North Korea ‘seizes moment’ to test missile
Launch on day of China’s ‘belt and road’ summit reflects Pyongyang’s determination to push ahead with its nuclear ambitions, analysts say
North Korea tested a ballistic missile early on Sunday, casting a shadow over China’s biggest diplomatic event of the year and disrupting momentum towards a resumption of talks over its weapons programme.
Observers said the launch showed Pyongyang was trying to buy more time to further develop its missile technology and strengthen its hand before any negotiations.
The missile was launched at 5.27am Seoul time and flew for about 30 minutes, reaching an altitude of more than 2,000km before landing in the Sea of Japan.
The test came just hours before China kicked off its Belt and Road Forum for International Cooperation, where Chinese President Xi Jinping is laying out his vision of globalisation to leaders and delegations from dozens of countries. In meeting Russian counterpart Vladimir Putin on the sidelines of the summit, Xi said China and Russia were committed to a political solution to the North Korean nuclear issue.
The foreign ministry said China opposed the test and called on all parties to exercise restraint and avoid worsening regional tensions.
The US government weighed in hours after the missile test, with a reiteration of its support for allies in the region, specifically South Korea and Japan. The statement also urged Russia to take notice.
“South Korea and Japan have been watching this situation closely with us. The United States maintains our ironclad commitment to stand with our allies in the face of the serious threat posed by North Korea,” according to the White House statement. “With the missile impacting so close to Russian soil – in fact, closer to Russia than to Japan – the president cannot imagine that Russia is pleased.”
Japanese Prime Minister Shinzo Abe called the test “a serious threat to Japan”, while new South Korean President Moon Jae-in – who has held out hope for dialogue with the North – warned talks were possible only if Pyongyang changed its attitude.
The head of the South Korean delegation to the Beijing trade summit, Park Byeong-seung, spoke briefly with Kim Yong-jae, the North’s minister of external economic relations, who was also attending the forum, Yonhap News Agency reported.
Earlier in the week, a delegation from the North met a group of former US officials and academics in Norway, after US President Donald Trump said he was open to meeting the reclusive state’s leader Kim Jong-un “under the right circumstances”.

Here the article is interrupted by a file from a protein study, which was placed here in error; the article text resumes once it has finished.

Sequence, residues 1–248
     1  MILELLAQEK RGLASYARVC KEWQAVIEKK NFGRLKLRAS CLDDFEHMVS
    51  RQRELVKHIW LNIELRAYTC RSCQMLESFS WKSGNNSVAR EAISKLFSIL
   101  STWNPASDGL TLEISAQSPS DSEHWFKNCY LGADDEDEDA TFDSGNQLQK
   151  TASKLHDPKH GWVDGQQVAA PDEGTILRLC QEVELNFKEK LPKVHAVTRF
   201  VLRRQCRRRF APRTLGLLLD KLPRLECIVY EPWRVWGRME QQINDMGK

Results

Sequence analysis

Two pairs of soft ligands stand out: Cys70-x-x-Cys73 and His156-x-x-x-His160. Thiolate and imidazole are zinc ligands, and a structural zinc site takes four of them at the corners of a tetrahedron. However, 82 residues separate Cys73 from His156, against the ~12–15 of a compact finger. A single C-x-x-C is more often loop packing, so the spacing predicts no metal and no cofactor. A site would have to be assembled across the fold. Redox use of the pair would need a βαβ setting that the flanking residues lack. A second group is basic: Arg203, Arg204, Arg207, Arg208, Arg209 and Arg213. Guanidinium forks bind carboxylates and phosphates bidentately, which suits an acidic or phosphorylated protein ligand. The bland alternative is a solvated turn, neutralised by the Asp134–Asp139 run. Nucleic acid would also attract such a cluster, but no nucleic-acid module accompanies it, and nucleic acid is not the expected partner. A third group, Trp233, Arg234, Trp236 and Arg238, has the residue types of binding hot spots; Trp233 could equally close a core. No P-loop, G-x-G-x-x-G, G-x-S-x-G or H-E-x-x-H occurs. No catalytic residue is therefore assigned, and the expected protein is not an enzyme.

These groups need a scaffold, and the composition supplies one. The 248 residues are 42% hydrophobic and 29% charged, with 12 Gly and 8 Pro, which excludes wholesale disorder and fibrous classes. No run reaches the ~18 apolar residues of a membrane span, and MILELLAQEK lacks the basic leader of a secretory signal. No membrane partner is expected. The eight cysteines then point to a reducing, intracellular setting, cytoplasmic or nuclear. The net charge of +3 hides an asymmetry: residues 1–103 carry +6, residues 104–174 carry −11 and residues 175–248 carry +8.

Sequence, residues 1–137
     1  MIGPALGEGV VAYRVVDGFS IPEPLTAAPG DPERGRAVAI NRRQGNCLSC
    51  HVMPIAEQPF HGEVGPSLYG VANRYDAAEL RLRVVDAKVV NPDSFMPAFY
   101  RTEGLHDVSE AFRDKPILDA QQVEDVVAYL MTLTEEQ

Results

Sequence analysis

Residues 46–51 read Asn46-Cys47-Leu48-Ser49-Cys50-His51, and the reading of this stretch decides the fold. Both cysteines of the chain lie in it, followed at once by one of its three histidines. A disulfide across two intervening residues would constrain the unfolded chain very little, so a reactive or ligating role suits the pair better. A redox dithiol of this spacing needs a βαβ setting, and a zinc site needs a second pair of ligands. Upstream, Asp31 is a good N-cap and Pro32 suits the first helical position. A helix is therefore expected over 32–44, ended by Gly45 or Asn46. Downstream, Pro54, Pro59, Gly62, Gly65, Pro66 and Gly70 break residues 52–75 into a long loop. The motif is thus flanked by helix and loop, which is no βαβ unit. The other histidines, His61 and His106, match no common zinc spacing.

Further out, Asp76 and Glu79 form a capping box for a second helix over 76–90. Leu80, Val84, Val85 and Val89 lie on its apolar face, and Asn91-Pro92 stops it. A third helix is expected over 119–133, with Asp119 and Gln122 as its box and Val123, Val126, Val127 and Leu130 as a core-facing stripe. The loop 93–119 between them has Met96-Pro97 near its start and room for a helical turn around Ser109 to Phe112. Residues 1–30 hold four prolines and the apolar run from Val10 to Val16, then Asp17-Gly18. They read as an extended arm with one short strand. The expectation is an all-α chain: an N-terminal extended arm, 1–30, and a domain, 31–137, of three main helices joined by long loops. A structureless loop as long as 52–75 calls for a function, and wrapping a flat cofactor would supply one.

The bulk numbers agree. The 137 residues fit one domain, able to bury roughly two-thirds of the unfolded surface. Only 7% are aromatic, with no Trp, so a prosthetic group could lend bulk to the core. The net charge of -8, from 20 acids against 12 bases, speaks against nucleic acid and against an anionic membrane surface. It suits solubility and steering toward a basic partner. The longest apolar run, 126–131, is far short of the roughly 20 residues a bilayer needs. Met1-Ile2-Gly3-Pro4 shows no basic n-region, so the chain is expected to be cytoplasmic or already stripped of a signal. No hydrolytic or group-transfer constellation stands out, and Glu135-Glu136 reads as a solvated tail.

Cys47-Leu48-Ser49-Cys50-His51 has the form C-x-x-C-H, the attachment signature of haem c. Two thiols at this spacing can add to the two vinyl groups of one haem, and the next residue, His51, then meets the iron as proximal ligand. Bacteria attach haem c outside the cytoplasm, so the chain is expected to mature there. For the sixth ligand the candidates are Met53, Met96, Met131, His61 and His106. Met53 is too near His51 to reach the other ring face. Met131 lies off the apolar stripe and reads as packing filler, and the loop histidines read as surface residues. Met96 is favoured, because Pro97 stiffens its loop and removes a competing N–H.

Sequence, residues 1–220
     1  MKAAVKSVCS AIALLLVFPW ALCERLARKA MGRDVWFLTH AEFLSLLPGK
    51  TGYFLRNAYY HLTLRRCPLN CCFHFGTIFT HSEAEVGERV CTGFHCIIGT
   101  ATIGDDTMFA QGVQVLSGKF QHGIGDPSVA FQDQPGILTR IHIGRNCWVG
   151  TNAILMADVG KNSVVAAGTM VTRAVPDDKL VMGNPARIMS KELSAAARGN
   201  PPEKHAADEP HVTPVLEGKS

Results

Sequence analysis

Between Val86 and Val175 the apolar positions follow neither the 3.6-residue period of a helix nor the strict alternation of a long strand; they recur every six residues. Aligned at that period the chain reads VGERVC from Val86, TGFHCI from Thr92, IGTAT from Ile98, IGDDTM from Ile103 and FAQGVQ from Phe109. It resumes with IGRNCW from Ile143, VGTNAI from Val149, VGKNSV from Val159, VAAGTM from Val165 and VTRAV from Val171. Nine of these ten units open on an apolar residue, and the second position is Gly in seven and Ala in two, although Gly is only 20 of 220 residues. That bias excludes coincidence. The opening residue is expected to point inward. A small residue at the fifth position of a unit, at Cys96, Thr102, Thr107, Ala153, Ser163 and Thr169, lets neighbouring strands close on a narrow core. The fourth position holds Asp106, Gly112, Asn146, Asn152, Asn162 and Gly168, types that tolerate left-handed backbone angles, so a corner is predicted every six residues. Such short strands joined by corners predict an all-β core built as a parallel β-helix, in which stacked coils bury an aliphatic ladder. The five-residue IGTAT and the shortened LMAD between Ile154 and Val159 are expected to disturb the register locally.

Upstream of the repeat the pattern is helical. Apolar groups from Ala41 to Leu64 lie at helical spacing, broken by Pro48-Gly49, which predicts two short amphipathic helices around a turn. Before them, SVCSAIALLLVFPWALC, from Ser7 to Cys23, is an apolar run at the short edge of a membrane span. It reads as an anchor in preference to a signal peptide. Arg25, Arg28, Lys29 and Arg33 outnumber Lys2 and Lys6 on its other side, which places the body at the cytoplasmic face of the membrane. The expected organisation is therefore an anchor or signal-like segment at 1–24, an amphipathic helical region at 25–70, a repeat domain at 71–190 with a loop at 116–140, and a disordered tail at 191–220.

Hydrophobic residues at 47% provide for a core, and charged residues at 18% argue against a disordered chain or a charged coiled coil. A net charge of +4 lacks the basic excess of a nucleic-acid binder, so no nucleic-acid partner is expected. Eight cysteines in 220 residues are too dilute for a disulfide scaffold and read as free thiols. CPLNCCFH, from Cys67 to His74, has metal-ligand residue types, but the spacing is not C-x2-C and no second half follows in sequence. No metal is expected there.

Before the test, Pyongyang’s chief nuclear negotiator, Choe Son-hui, said the North was ready to hold talks with the US “if the conditions are mature”.
Sun Xingjie, a Korean affairs specialist at Jilin University, said Kim had seized upon a lull in tension on the peninsula to push ahead his weapons programme.
“It is actually perfect timing. Xi Jinping’s top priority these days is hosting the summit, and Donald Trump is occupied with the firing of the FBI chief … nobody has kept an eye on Kim,” Sun said. “If the other countries fail to act in concert, North Korea will probably keep using this tactic, pretending to be talking while carrying out more tests.”
But Pyongyang’s latest provocation was unlikely to ignite a military confrontation, Cai Jian, deputy head of Korean studies at Fudan University, said.
“China has made clear a military solution is not possible,” he said, adding that for now, the North remained far from a real threat to US territory.
“Basically, Pyongyang wants to grab as many chips as possible before sitting down at the negotiating table,” Cai said.
Despite the White House’s call for tougher sanctions against North Korea, China was unlikely to beef up its current measures against Pyongyang as long as it held off from carrying out another nuclear test, which would be its sixth, according to Cai.
“Missile tests are fundamentally different from a nuclear test, and China will only stick to the United Nations resolution,” he said.
Additional reporting by Bloomberg and Agence France-Presse